There are so many examples of negative trends just having an exponential impact very quickly, war being the worst example. But I really believe that the opposite can be true for positive things! If we all start acting with our little things that end up influencing larger decision making in society, the effect can rapidly become exponential!
1. If you live in Sweden, take use of government grants for both electric bikes and solar panels to put on your roof!
2. Cut down on beef consumption, even just buying minced meat from pork rather than beef has an impact.
3. Create energy saving habits for yourself and teach them to the younger one’s! For example, don’t keep the water running when you brush your teeth, make sure you have a good place to dry laundry in the air to avoid the tumble dryer and when you cook, don’t boil more water than you actually need!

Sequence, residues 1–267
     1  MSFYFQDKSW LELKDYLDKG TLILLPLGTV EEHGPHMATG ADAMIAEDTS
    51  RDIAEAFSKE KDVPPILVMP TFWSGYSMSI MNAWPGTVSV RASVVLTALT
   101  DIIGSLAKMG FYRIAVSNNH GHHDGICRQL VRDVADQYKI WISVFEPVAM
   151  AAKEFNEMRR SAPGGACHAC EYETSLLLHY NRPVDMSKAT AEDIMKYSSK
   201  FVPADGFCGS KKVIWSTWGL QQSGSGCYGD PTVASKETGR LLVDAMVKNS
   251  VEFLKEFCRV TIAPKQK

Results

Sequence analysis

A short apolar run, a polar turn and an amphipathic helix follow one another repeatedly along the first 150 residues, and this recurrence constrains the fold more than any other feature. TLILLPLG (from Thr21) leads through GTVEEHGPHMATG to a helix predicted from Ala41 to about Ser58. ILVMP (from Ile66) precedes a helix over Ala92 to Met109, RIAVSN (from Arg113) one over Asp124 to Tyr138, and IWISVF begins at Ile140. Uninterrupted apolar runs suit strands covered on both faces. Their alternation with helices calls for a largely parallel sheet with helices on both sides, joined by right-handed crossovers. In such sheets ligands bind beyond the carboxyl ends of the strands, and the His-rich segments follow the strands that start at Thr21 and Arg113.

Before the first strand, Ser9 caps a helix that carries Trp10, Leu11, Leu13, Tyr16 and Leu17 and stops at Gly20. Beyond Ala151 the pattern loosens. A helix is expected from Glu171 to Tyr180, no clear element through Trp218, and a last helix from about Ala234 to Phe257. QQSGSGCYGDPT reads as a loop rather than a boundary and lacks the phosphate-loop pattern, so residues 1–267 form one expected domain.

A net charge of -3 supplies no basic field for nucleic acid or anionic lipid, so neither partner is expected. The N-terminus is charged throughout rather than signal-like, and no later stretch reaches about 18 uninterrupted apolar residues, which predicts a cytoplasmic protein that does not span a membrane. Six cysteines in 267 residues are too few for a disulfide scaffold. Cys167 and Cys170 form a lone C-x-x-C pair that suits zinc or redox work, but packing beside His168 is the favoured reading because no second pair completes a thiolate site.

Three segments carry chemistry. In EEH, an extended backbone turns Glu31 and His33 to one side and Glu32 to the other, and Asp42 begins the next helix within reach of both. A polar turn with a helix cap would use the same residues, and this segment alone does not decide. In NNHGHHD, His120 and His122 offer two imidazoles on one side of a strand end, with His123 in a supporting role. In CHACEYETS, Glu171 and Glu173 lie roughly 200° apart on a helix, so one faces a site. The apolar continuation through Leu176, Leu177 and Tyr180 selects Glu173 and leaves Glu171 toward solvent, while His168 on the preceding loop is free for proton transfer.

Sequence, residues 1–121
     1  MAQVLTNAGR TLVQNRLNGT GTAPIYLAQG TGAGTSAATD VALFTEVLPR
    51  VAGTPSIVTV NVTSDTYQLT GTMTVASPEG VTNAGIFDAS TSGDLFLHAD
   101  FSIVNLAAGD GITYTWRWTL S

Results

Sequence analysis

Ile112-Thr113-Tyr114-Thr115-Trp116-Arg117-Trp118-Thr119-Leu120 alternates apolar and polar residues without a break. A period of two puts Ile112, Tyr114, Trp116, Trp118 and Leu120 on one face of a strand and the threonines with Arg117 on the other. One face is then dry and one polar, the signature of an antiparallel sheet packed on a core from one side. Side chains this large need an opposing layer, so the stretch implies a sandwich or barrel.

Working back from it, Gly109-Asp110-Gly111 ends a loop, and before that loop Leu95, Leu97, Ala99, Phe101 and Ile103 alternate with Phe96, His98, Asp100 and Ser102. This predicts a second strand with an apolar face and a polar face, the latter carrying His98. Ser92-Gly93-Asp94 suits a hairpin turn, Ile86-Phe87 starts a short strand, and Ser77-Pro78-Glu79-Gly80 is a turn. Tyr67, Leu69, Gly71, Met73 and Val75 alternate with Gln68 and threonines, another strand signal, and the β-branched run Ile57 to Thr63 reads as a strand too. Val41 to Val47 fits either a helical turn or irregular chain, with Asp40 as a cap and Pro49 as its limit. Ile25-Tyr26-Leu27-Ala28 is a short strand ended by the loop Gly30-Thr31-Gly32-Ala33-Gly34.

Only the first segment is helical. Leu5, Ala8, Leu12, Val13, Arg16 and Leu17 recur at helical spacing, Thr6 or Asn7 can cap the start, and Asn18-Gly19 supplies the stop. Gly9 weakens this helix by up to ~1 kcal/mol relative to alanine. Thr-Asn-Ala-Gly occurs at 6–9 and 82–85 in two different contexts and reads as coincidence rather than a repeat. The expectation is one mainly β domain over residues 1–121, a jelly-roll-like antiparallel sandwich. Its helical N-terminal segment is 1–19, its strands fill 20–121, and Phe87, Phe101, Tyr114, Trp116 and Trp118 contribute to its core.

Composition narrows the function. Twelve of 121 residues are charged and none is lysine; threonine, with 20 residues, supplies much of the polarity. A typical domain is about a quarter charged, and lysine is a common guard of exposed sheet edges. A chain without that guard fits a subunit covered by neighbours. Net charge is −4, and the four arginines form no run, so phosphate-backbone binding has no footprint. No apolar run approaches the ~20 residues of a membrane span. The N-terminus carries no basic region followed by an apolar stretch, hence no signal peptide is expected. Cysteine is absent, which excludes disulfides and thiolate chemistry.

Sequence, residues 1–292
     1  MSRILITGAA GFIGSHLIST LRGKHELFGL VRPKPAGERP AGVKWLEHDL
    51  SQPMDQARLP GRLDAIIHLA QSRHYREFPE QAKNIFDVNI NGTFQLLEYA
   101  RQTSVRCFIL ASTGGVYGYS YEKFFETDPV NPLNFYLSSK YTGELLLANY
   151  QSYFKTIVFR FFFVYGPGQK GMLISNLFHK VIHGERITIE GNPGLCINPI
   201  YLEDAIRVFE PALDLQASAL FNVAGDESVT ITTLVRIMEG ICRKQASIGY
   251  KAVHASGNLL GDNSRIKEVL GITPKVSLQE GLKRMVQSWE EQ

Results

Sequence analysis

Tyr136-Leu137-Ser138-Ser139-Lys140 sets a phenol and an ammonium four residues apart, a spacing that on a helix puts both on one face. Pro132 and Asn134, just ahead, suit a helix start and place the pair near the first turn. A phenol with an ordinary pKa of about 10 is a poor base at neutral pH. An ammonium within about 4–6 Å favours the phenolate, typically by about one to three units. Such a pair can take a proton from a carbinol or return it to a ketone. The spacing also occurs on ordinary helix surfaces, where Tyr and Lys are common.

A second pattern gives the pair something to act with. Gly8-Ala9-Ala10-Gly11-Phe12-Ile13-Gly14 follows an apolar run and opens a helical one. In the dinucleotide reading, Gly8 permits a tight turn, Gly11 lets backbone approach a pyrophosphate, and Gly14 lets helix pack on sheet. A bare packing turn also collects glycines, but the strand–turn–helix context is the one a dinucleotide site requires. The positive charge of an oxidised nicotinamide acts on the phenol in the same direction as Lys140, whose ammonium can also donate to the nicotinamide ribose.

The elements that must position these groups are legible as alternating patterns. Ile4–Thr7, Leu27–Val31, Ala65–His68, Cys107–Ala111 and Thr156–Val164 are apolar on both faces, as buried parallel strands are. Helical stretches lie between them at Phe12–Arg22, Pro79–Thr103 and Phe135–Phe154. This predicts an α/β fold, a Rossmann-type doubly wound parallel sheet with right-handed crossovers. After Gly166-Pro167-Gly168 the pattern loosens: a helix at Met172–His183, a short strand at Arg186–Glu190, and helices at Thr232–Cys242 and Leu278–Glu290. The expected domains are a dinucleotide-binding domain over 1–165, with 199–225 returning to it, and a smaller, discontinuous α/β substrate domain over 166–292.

Consumption (pink): Nowadays the only stuff I buy is for gardening. I have really realised that we don’t need a new dress for every event! There’s also a shopping centre in Eskiltuna dedicated entirely to reused products, that I really like.
Food (yellow): I'm eat vegetarian lunches and rarely cook beef for the family. Sometimes we eat vegetarian with the family, sometimes chicken and every now and then minced meat.
Flying (light green): last year we went to the Canary Islands for vacation, and that really shows in my donut. But for the next year I don’t have any flying planned! I’ll also be avoiding other wasteful aspects of tourism, like buffet tables...Maybe we’ll go skiing in Sweden for our next holiday?
Electricity (dark red) and heating (red): I was not as environmentally conscious as I am now when we built our house, but I am proud that our house is quite small, not larger than we need for 3 people. We also designed it to be very energy efficient! We use only LED lights and we are hoping to install solar panels on our rooftop.